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GoPro hires former Hulu director to boost original content

Nick Woodman, CEO of GoPro, at the NasdaqNick Woodman, CEO of GoPro, at the Nasdaq
Nick Woodman, CEO of GoPro, at the NasdaqPhotograph by Andrew Burton — Getty Images

Action camera manufacturer GoPro (GPRO) has hired Charlotte Koh, the former head of original development at Hulu, as its head of features and stories, reported Variety.

In the newly created position, Koh will be responsible for partnering with “Hollywood creatives, studios and networks to co-produce new content” using GoPro cameras. According to the report, Koh joined the company some time in June.

The company’s recent push to expand beyond its hardware roots isn’t new; founder and CEO Nick Woodman discussed his media ambitions with Fortune earlier this year. “Our vision for GoPro is a big one and it’s not something we’re going to realize this quarter, next [quarter] or the next,” he said. “This is an incremental, evolutionary thing.”

The tech company currently has broadcasting agreements with the National Hockey League and ESPN’s Winter X Games. Through these agreements, participating athletes wear one of the company’s action cameras, which then broadcasts live footage to viewers around the world.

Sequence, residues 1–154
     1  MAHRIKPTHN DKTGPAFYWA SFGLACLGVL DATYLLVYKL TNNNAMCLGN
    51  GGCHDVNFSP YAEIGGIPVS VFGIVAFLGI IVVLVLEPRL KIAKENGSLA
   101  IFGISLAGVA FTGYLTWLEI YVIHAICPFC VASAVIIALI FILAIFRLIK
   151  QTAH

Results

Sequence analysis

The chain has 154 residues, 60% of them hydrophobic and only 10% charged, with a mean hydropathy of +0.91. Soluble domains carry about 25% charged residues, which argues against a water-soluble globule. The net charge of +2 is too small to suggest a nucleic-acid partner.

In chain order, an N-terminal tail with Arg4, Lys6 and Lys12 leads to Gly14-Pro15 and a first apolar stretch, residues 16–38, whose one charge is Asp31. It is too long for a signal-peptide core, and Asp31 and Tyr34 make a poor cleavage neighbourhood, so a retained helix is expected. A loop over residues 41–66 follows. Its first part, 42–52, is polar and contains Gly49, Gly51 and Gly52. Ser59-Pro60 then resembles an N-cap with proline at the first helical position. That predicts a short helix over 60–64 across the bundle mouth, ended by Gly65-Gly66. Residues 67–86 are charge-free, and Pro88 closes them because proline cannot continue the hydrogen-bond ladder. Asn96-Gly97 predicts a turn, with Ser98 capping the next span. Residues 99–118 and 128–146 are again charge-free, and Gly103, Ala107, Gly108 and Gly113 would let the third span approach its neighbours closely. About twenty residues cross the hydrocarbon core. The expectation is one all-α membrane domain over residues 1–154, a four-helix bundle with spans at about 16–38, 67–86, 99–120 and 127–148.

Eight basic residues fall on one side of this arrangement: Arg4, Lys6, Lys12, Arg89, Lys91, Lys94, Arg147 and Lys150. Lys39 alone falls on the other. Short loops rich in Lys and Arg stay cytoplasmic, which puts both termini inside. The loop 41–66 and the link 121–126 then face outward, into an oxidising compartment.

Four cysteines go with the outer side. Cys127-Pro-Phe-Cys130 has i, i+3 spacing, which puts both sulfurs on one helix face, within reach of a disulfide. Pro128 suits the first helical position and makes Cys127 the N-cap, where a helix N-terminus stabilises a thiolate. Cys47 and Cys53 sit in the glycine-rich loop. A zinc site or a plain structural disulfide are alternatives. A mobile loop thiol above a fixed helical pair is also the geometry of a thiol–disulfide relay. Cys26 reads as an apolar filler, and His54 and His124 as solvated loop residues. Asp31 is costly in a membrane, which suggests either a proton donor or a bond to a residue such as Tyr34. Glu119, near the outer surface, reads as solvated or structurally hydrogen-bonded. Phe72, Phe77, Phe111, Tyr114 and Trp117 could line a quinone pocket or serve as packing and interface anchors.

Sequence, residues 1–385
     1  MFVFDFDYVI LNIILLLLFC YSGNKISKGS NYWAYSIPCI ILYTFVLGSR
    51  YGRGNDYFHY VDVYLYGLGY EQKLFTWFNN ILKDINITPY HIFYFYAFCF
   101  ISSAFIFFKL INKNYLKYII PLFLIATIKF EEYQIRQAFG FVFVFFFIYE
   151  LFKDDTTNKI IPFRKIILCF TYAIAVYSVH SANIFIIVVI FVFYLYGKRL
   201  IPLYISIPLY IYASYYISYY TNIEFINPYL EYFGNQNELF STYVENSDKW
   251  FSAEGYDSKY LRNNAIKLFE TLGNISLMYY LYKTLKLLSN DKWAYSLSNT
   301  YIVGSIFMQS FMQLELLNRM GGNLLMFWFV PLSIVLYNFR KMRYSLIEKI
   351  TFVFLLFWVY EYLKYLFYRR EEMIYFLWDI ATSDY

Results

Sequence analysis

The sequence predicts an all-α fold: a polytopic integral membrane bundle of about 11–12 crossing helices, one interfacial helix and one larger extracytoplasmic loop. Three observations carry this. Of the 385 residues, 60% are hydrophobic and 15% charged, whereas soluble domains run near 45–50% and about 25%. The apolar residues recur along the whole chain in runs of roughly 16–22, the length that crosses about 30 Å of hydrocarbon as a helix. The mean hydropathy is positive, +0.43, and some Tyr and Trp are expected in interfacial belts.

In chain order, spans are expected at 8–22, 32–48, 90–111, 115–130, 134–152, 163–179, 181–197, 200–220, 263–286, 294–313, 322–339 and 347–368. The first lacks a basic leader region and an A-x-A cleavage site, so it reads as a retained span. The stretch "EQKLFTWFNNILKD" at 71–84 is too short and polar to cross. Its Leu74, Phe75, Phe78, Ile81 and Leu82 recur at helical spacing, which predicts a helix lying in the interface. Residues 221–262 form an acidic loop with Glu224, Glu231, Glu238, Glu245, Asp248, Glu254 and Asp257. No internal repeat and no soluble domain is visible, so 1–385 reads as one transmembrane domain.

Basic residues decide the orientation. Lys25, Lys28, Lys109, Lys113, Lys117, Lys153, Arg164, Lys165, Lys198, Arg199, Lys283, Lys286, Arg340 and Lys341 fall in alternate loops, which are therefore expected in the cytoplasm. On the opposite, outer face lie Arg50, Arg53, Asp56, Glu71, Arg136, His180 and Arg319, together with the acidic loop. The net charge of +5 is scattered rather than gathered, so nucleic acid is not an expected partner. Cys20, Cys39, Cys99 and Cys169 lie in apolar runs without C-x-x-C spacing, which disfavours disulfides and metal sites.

As for Koh, she plans on taking some time to first figure out exactly what kind of content GoPro will create. Initially, she aims to focus on “unscripted and documentary content,” although scripted content is a “possibility” in the future, she told the trade publication.

Koh is one of several media professionals hired by the company in recent months. Former Hulu employee Jon Cohen joined the company last month as director of content distribution, while former CBS executive Zander Lurie was tapped last November to be vice president of media.

Despite recent moves meant to bolster content creation at the company, GoPro is still committed to creating new hardware. The Variety hiring announcement comes one day after GoPro announced the Hero4 Session, a fully redesigned camera that’s 50% smaller and 40% lighter than previous models. The camera is waterproof, and can be controlled via a Wi-Fi-equipped smartphone or tablet.

GoPro’s CEO also recently admitted the company is working on a drone—also referred to as a quad-copter—currently set for release in the first half of 2016. Meanwhile, virtual reality is another area of interest for the company, having built a six-camera rig designed to capture 360-degree video viewable through VR headsets such as the Oculus Rift or Google Cardboard. Additionally, GoPro and Google (GOOGL) will soon join forces for a VR creation setup, which will include a 16-camera rig that will be able to record live footage.

By combining the ubiquity of GoPro hardware and an experienced content team, the company’s content dream may soon take shape and turn the startup into a legitimate contender in the ever-growing digital media industry.